We're doing our best to prepare for, and hopefully, to help you prepare for the 日本語能力試験１級, but please remember: 1級, by its very nature, consists of grammar that is difficult, highly nuanced, and most of the time, rarely used in regular conversations. That's why it's important that you use our posts as references, to be compared with other study sources, and even more important that you CHECK THE COMMENTS after each post. We're lucky to receive corrections and clarifications from native speakers and other foreigners more knowledgeable than we, and they don't always make it back into the body of the post. Thanks, and 頑張って！
1級 Grammar 11-15:
Rerunning points 11-15, revised explanations and examples, hopefully less half-assed and more accurate than before.
~ no sooner... than
~ as soon as
There are two things that seem to separate 「が早いか」 from similar ２級 points 「かと思うと」 and 「～か～ないかのうちに」. First, all of the book's examples for 「が早いか」 describe things that occur in an objectively short time span:
"As soon as she heard the news, she turned pale."
"As soon as the bell rang, the kids cleared their desks and left."
"As soon as my son had stuck his head in the door and said 「ただ今」, he dropped his backpack and ran off to play."
You can literally imagine all of these things happening in a matter of a few seconds, while the old examples for 「かと思うと」include "Christmas has just ended and it's already New Years." Or "As soon as I finish this job, the boss will give me another one." for 「～か～ないかのうちに.」 I get the sense that the old grammar points lend themselves better to subjective ideas of how fast time has passed. 「が早いか」 seems designed for things that can be objectively established as happening almost at once.
Second, according to the book sentences that include 「が早いか」 end, most often, with verbs in the past tense. The others are not so restricted.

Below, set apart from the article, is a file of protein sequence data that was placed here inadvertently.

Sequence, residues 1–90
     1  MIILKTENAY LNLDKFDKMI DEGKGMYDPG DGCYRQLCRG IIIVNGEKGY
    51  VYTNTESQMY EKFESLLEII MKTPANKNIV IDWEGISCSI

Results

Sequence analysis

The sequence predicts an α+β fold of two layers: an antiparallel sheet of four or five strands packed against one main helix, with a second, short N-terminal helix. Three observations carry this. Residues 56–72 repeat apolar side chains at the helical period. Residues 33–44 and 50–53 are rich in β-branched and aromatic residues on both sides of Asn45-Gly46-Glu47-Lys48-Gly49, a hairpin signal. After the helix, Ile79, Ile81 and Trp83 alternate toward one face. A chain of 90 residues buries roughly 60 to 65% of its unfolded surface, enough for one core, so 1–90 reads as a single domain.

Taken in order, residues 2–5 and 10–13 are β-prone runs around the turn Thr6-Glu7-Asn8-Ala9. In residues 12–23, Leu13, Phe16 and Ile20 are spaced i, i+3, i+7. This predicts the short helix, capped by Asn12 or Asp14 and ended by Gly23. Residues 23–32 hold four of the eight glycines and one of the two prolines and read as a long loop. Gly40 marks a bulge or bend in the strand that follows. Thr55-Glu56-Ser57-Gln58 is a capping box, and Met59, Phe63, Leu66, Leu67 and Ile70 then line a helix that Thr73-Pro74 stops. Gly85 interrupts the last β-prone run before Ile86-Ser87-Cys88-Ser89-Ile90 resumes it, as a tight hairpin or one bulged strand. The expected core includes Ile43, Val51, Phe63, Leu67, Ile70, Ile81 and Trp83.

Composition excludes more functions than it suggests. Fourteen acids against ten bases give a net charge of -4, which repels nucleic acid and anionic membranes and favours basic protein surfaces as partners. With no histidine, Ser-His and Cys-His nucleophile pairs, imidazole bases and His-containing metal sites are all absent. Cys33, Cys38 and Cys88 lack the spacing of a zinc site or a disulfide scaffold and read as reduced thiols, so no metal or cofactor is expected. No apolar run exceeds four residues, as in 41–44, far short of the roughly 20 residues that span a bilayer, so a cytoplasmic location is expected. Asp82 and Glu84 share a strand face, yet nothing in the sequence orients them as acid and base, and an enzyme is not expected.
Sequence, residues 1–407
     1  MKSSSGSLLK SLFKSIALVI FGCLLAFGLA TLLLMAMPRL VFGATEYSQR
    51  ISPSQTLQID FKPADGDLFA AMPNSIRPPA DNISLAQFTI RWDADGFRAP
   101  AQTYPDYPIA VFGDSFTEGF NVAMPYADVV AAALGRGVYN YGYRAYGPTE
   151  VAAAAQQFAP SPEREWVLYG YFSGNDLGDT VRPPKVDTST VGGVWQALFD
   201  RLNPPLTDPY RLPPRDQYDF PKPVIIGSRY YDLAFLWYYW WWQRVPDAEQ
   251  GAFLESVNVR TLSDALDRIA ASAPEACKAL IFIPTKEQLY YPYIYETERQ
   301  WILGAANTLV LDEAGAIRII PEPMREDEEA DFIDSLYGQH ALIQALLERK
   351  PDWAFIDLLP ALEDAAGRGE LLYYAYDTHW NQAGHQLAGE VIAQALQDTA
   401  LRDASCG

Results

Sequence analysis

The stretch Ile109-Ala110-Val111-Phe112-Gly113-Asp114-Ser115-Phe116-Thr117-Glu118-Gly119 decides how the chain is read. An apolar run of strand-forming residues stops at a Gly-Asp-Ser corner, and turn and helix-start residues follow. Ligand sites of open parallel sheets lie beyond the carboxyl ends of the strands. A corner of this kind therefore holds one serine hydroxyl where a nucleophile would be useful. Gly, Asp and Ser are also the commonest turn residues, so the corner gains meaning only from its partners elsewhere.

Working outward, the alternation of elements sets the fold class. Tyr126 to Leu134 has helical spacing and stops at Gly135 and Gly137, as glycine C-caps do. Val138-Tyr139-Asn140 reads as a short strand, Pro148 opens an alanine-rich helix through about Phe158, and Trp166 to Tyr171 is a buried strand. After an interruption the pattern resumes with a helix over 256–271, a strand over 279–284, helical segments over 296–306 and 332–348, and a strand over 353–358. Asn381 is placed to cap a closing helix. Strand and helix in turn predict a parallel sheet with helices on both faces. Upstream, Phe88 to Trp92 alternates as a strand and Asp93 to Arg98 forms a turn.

You use it by adding it onto the dictionary form of a verb.
~ as many as
~ more than
「か らある」 gets defined as 「もある」, to be used especially in cases when you want to emphasize how large the number is, relatively of course. It seems straightforward enough.
~ to have a tendency to
I don't know whether or not it's related, but the fact that 「きらい」 is a part of this grammar point makes it easier to remember that it's only used to express a negative judgement about that tendency. Also, it's not used to talk about things like "a tendency to get sick," or a "tendency to miss work" (use ～がちだ for those), but for talking about the essential nature of a person.
Often used in the same sentence as phrases like 「ともとすると」 and 「とかく。」 Use it with the dictionary form of a verb, of following a noun + の.
14. ～極まる ・ ～極まりない
We've talked about 極める in our other posts. It means "to take something to the extreme," and can be used to talk about "mastering," or "perfecting" something. In this case, it only gets used negatively, and only shows up in writing, according to the book. It expresses a very STRONG judgement.
極まりない is like a stronger version of 「嫌だ,」 or 「不愉快だ.」 It expresses the same idea.
The format for it is : （な形容詞 ・ 名詞１）＋極まる＋名詞２
or: （な形容詞 ・ 名詞１）＋極まる ・ 極まりない (and you can end the clause here, or add another めいし）.
This ones a bit hard, so here are some book examples.
I tried to read that book, but the story was so extremely cliche that I was disappointed.
Crossing the tracks while the train is approaching is EXTREMELY DANGEROUS.
15. ～ごとき ・ ～ごとく
名詞 （with or withoutの）+ ごとき + 名詞
名詞 ＋ ごとく ＋（形容詞・動詞）